What do the Irish think about Trump and Clinton?
Comparing Irish people's opinions to the rest of the world
It’s everyone's favourite subject right now, the US election. Unless you've somehow avoided consuming any form of media over the last few months, you'll have no doubt been exposed to a lot of opinions and "facts" about the two front runners for the US election Hillary Clinton and Donald Trump.
With such a media overload, it's hard not to form our own ideas about who should be elected and who shouldn't. It's a strange phenomenon, the world being so invested in an election for a nation we have no vote in. The American people will vote for an American president, and yet the rest of the world seems to feel like we're involved in the decision.
With this in mind, we here at Idiro Analytics decided to get a clearer understanding of the opinions of people here in Ireland surrounding the election. Do the opinions of the Irish people differ from those of the rest of the world?
To do this we chose to use Twitter as our source of public opinion to do an analysis on. We gathered thousands of tweets posted about the election over a 24 hour period in the days leading up to the election and ran a sentiment analysis on them.
This means we were able to break down each tweet and work out the sentiment (overall feelings) being expressed by analysing the types of words being used in each tweet. From this, we can then chart if the majority of tweets being posted about both Clinton and Trump are positive or negative and the general feelings behind each one.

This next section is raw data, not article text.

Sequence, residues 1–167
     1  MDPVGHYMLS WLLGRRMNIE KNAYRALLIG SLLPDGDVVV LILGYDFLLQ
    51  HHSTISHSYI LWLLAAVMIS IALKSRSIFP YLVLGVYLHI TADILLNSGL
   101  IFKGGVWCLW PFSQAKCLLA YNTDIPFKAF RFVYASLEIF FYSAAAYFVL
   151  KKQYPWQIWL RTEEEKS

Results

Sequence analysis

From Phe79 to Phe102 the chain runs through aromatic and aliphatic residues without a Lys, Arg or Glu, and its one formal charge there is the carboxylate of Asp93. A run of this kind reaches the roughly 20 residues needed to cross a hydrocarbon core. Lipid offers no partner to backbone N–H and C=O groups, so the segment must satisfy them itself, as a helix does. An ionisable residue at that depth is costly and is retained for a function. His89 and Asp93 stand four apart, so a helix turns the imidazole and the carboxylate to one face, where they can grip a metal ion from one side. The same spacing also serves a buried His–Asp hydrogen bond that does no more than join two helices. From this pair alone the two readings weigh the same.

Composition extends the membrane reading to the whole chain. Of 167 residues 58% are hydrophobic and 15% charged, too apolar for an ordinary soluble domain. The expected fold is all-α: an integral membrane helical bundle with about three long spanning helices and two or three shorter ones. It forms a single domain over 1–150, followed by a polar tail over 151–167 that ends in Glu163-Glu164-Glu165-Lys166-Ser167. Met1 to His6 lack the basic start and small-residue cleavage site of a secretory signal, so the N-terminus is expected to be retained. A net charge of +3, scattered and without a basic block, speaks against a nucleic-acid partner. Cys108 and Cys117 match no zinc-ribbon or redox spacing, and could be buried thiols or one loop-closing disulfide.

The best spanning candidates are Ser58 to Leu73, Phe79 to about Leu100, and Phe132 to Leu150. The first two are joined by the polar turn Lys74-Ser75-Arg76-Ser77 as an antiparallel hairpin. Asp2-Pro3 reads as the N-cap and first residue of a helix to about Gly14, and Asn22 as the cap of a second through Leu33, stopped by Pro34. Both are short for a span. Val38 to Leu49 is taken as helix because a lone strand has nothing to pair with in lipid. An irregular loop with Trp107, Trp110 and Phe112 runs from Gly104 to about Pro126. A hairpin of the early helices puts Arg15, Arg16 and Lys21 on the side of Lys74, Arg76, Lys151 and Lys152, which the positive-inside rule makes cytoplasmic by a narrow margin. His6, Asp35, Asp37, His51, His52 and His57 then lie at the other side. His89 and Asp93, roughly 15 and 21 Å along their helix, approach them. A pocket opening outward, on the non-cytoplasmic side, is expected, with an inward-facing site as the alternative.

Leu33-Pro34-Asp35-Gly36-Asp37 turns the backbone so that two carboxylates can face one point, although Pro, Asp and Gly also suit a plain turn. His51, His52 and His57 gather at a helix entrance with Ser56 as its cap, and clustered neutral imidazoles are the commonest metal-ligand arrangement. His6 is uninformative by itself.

First, let’s look at the sentiment for both Clinton and Trump worldwide:
One interesting note from the two charts above is the huge difference in the number of tweets being posted about each person. The number of people tweeting about Trump is over three times higher than the number of people tweeting about Hillary.
If we break this down further into just positive and negative sentiments, we can see that the majority of Tweets being posted worldwide about both Clinton and Trump are negative.
Now let's look at the sentiment of Irish people towards the two. (Note that in order to get a large enough sample to analyse, we used tweets posted by people in Ireland over 4 to 6 days leading up to the election)
From looking at the chart above, it's strange that even after all we've read about Trump over the past year, we're still surprised by him.
Although it’s not by a huge amount, we can see that the sentiment towards Hillary in Ireland is positive compared to the negative worldwide sentiment towards her, whereas Trump is still negative.
Lastly, let’s combine the worldwide sentiment for both Hillary and Trump versus the sentiment towards them in Ireland.
From these last two charts we can see that the Irish people have a little more fear and anger about the future than the rest of the world. Is there something we know that they don't?
Based in Dublin, Ireland, Idiro Analytics is an award-winning provider of analytics to businesses around the world.
For an overview of Idiro’s analytics services, see our homepage www.idiro.com
Media contact information
Simon Rees, Clients & Marketing Director, Idiro Analytics.
+353 1671 9036
The data analytics work for this article was performed using Red Sqirl. From within Red Sqirl, we were able to build a data pipeline that gathered thousands of tweets, sorted each tweet, run multiple different analysis steps on the data and output results into visualisations in real-time. Visit the Red Sqirl website for more details